In the case of Presto, its foundations are in the Netherlands-based smart card system. It was brought to our environment by Accenture and adapted to our needs. Other companies do exactly the same thing. So, whether it’s ACS or any other service provider that provides smart card-based systems, they basically take their product and use it as a foundation, and then they adapt it to the needs of the particular community they’re serving. Each one of these communities has different business requirements, different geography, a different number of transit systems and requirements for integration, and different scopes, and all of that basically requires that adaptation to make it meet the needs of that particular community.

There is no off-the-shelf system you can take, plug in and expect will play in terms of delivering a service. There is a significant degree of customization and adaptation that’s required for all of these systems to make them work in any particular community.

Mr. Robert Prichard: I think those last three sentences were the short answer to your question, that there is no off-the-shelf, buy that and it will work in the region or in the system. Every one of them is a software base that then gets adapted and customized to the needs of the particular transit system or, in our case, the 10 transit systems that are using the system, and accommodate the different fare structures and the like. As you know, GO Transit has fare by distance; the municipal transit agencies have a single fare. The card has to accommodate both of those. That wouldn’t be true in another place that had only one way of measuring fares. In all cases, the core system has to be adapted to the needs of the customer, which is the transit agency.

Mr. Jeff Yurek: Now, with regard to the off-the-shelf type of product or different competitors, the Auditor General’s report last year noted that the TTC was in negotiations with a company outside of Presto which pretty much was going to offer a superior system with regard to the card system and adapt to the current Presto system in place. However, Metrolinx and the Ministry of Transportation pulled the old, “We’re going to hold funding for other projects going on unless you adopt the Presto system.”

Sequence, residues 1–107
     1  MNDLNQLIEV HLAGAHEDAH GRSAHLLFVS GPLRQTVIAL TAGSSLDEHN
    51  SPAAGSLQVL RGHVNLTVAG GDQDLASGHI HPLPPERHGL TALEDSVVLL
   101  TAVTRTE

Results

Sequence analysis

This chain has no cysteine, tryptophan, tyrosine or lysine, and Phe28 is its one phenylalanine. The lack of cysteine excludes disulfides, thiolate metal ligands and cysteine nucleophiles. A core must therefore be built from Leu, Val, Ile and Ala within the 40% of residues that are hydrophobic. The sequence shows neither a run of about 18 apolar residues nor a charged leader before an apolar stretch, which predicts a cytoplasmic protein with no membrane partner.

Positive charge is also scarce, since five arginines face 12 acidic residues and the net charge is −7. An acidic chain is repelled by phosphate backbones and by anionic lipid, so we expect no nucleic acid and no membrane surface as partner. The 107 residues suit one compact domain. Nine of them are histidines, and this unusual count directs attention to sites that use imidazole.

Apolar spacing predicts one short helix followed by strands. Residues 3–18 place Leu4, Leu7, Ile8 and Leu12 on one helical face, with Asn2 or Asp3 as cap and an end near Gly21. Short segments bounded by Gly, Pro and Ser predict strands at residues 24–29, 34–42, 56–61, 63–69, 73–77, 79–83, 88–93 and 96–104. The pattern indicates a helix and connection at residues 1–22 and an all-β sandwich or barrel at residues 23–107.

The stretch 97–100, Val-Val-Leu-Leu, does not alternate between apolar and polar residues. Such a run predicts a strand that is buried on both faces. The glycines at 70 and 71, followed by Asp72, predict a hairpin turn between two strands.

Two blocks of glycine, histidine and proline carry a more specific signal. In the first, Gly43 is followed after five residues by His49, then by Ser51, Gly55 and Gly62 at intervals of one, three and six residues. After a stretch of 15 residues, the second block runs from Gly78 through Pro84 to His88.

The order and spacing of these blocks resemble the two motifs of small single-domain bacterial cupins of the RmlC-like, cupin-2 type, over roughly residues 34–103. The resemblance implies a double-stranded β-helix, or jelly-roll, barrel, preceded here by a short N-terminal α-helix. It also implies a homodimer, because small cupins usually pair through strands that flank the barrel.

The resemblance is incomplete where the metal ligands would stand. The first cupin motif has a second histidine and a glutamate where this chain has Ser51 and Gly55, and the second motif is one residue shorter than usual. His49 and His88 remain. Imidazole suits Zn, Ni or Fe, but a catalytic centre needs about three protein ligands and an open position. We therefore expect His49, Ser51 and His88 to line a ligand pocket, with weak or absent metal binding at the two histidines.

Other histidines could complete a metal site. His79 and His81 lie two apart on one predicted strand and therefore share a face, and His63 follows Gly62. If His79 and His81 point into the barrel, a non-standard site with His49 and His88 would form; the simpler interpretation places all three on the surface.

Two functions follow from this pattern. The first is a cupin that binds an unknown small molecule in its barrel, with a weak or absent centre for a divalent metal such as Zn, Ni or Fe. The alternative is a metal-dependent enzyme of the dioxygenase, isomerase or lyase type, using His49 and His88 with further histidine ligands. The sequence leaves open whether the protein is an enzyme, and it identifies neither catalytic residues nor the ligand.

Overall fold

My question is, is there talk at all at the Ministry of Transportation or Metrolinx with regard to the Waterloo system, basically coming out towards them—“We’re going to withhold your gas tax money unless you climb on board the Presto system”?

Mr. Bruce McCuaig: I cannot speak for the Ministry of Transportation, but I’m not aware of any indication in terms of having a discussion with Waterloo in terms of their provincial gas tax funds. In terms of the TTC in the city of Toronto, in the end the TTC chose to adopt Presto as their fare solution.

Mr. Rosario Marchese: They had to; they had no choice.

Mr. Bruce McCuaig: They have been our partner in terms of developing this system. The TTC have been with us since the initial deployment of Presto with the 14 subway stations that represent actually 21,000 users each and every day who are on the TTC and who are using the Presto system.

We think it’s important to have a regional solution given that people are travelling across the region each and every day, and that Presto is a unique solution in that it provides that opportunity for customers to use the same card on multiple systems. We are not aware of how the original TTC plan would have addressed or accommodated that need for people to use the same card on multiple systems.

Mr. Jeff Yurek: Yes, I wouldn’t say the TTC came happily. I think it was more of a forced marriage with the fact that “You’re going to withhold my funding for the gas tax and/or increased purchases of rail cars and such.”

Mr. Rosario Marchese: Dragging and kicking—

Mr. Jeff Yurek: Sure. And I’m not going far on a limb saying that it might happen to Waterloo considering that Ottawa, too, had the gun to their head, saying that they’d have to go with the Presto system in order to retain their gas tax money. Any comment on the Ottawa situation as well?

Mr. Bruce McCuaig: Well, again, our approach at Metrolinx has been to develop a partnership with the communities that we work with. Our arrangement with Ottawa is a partnership. We are a service provider to them. We are providing basically a service that we have to meet their requirements. That requires us to have very much a long-term working relationship. From our perspective, it would not be conducive to building that kind of a system if we were not giving people, organizations or communities choices. In the case of Ottawa, as far as I know, it was the city of Ottawa’s choice to join the Presto system.

Mr. Robert Prichard: To be clear, Metrolinx has no authority over conditions on municipalities receiving gas taxes. Metrolinx does not put conditions on funding announcements; they’re not ours. We’re an agency of the government implementing the plans and implementing the mandate that we have, but these matters, I think, to the extent they’re matters of conditions being put on funds, are better put to the Minister of Transportation rather than ourselves.

The Vice-Chair (Mr. Rick Bartolucci): One minute left, Jeff.

Mr. Douglas C. Holyday: I have one question.

The Vice-Chair (Mr. Rick Bartolucci): Doug Holyday?

Mr. Douglas C. Holyday: I appreciate that there’s a lot going on here, but I’m just wondering when we could expect to see the first subway station open?